That’s the word that most commonly came up when Monmouth University pollsters asked Americans to describe the United States in just a single word.

That sense of division was present in 1 out of every 10 respondents’ answers when included with related words like “polarized,” “conflicted” and “fractured.”

Other commonly mentioned words included “confused,” “chaos,” “disappointing” and “mess.”

As you likely have figured out, Americans’ word choices here tended to lean negative. In fact, three-quarters (76%) of respondents used negative words to describe the state of the US, while only 15% used positive ones.

That’s indicative of other poll questions aimed at gauging the mood of the country.

In that same Monmouth poll, Americans were asked if they thought the country was on the right track or headed in the wrong direction. Just 24% said the right direction, while a whopping 73% said the wrong track.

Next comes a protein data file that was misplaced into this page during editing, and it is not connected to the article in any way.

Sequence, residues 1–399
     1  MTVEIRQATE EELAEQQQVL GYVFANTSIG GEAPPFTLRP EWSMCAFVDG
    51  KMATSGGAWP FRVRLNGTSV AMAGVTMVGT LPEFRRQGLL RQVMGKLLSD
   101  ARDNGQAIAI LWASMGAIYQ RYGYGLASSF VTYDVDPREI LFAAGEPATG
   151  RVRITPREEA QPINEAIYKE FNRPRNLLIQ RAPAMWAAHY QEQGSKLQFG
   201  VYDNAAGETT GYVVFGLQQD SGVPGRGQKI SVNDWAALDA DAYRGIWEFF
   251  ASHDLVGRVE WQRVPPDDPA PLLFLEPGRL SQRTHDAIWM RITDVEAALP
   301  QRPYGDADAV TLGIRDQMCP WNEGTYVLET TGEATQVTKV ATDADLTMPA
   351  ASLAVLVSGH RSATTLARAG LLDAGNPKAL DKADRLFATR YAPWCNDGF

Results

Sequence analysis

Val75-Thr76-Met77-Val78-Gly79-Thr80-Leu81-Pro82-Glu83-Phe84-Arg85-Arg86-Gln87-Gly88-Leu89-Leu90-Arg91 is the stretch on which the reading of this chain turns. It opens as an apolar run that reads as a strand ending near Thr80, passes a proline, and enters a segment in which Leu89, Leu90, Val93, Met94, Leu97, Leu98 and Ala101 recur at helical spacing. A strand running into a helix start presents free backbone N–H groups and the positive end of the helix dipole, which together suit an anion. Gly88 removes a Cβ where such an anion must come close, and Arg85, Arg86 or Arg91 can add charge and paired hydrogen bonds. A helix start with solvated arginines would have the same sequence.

That sourness about how the US is doing has clear reverberations in the electorate. If voters feel generally unhappy about the country, history suggests they will take it out on the party that controls Washington.

And at the moment, the Democrats control the White House, Senate and House.

What’s even more concerning for Democrats — from President Joe Biden on down — is that it’s not at all clear how they can change Americans’ perceptions of the state of the country between now and Election Day.

The Point: Elections are often decided by how the public, collectively, feels. And right now, it doesn’t feel too good.

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